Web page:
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Joint Patrol in Bocinja Donja

By Cpl. Jean-Philippe Lavigne
First published in
SFOR Informer#119, August 8, 2001

Every day in Bocinja Donja the Nordic-Polish Battle Group (NPBG) has to deal with the contention between Bosnian Serb returnees and the former "religious freedom fighters" who came to help Bosniac Army during the war. This month the Turkish Battle Group joined the NPBG for a patrol of the area.

Bocinja Donja - Three Polish patrol vehicles move slowly through the morning haze. The appointment with the Turkish unit has been fixed in Zepce. Maj. Demczuk Marek, Lt. Wojciech Wieja and 1st Lt. Pawel Kozuba are in charge of the Nordpol unit. 1st Lt Cem Gijltekin, company commander, and 1st Lt. Aycut Oncu, platoon leader, are in charge of the 2nd Mechanized Infantry Company of the Turkish Battalion. After a quick briefing, the convoy heads towards Bocinja Donja on the hard packed dirt road along the Bocinja Stream. The terrain is wooded with steep hillsides. There are approximately 170 houses in the Bocinja Donja area, and most of them are just starting their reconstruction and are still marked with impacts. Much of the area was mined during the war. Just ahead, two big trees block the road, forcing the patrol to turn around.
Back at Nordpol Barracks in Doboj, the Turkish BG gets a presentation of Nordpol's equipment and shooting exercises. The translator, Koviljka Spiric, discusses the situation in the area of responsibility (AOR) with the visitors.
A short history
During the war, small groups of Islamic extremists and warriors from various countries were integrated into some Bosniac units, mainly within the 3rd corps. They mainly operated in the areas of Bihac, Zenica, Maglaj, Vozuca, Travnik, and Zavidovici. In the final phase of the war they participated in the attack on the Ozren pocket. In these areas they fought as a subordinate unit named El Muhajideen. The unit consisted of several hundred warriors. Some of them were also used as instructors in the Bosniac army.
After the war they and their families organised a community that stood apart from the rest of Bosnia and Herzegovina, whose Muslim majority largely follows a moderate version of Islam. Strict Islamic law, in contrast, began to govern Bocinja Donja's affairs. Women there took to wearing veils and long black robes, and men had long beards. They didn't drink or smoke or speak to visitors. The Nordpol BG had to maintain a temporary base in the village after several incidents of provocation were reported. Today the base no longer exists, but there are three patrols a day in the village.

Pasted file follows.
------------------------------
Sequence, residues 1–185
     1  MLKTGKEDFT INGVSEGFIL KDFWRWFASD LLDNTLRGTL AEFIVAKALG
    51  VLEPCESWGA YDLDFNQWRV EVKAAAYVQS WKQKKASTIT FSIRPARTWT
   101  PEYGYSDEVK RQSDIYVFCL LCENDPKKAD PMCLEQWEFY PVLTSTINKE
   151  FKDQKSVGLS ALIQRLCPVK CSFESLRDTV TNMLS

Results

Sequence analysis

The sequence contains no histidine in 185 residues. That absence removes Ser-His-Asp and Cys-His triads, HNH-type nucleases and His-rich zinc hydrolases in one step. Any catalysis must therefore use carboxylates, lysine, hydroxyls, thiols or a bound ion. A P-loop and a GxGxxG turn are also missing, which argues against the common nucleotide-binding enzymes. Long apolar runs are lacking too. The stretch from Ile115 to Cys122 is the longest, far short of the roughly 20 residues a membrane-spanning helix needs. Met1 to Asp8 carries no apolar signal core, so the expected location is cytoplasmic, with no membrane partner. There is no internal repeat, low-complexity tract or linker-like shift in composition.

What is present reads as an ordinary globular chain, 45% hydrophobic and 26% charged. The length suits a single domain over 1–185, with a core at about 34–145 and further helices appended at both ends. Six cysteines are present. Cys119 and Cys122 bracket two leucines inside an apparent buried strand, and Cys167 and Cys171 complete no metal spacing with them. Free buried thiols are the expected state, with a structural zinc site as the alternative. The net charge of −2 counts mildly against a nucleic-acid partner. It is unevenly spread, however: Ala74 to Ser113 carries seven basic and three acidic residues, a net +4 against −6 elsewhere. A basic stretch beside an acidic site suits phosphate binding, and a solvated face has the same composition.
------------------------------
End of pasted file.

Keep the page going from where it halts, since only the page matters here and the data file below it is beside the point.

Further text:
The Bosnian Serb inhabitants were expelled in September 1995 during the last Muslim offensive on Vozuca and Ozren. The "freedom fighters" inhabited the Bocinja Donja village shortly after the General Framework Agreement For Peace (GFAP) was signed. This was contrary to the intentions of the GFAP, in which Annex 1A, article III, states: "All Forces not of local origin shall be withdrawn within 30 days of GFAP signing (Dec.14, 1995). All forces remaining in territory must act consistently with territory integrity, sovereignty and political independence of BiH." They managed to stay because many of them married into local families and consequently obtained official documents allowing them to live in BiH. They were also supported by some hard-liner Bosniac politicians.
Before evictions began, 159 of these families were in Bocinja. Their leader was Abu Hamza, a doctor who studied in Belgrade during Tito's Yugoslavia. Hamza, from Syria, married a woman whose husband was killed in the war, and thereby gained citizenship in BiH.
The current situation
Maglaj Municipality and authorities started evictions August 28 of 2000. During 2001, 131 families were evicted. The government gave 100,000 KM to help some families move. At the moment there are still seven houses in Bocinja occupied by Muhajideens. But according to some estimates, there are more families.
On August 3, a new Polish patrol team commanded by Warrant Officer Piotr Wisniewski and Lt. Anrzej Serafin, deputy chief interpreter, met with Bosko Jovanovic, vice-president of the Association for return of the Bosnian Serbs to Maglaj Municipality. His house stands just in front of the mosque, where loudspeakers call out prayers. Numerous Muslims stare at the convoy as it crosses the village. More than 40 of their vehicles are parked by the Mosque. There is no contact between Bosnian Serbs and the Muslims in this village.
This year Bosnian Serbs started to return to Bocinja. At the moment there are 110 returnees, and about 300 more want to come back. "There is a tendency of increasing of return, especially during this year because many Bosnian Serbs got orders for evictions and they have to leave occupied Bosniac or Bosnian-Croat houses in Doboj, Teslic, Modrica," explained Jovanovic. "Taking into consideration that they are (displaced persons) in these municipalities and mostly without employment and insurance in the Federation, they have no other solution than returning to their houses."
Only one person has a job in the village. Jovanovic added that the presence of SFOR is still needed in the village to maintain security.
The return process in this locality is supported by the Dutch Government. They financed reconstruction of 23 houses in Bocinja Donja. Cross Roads International (CRI), a Swedish organization, also reconstructed a few houses in Krsno Polje.
For now, they are waiting for approval of the reconstruction project to rebuild 100 more houses.

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Nations of SFOR: Turkey, Poland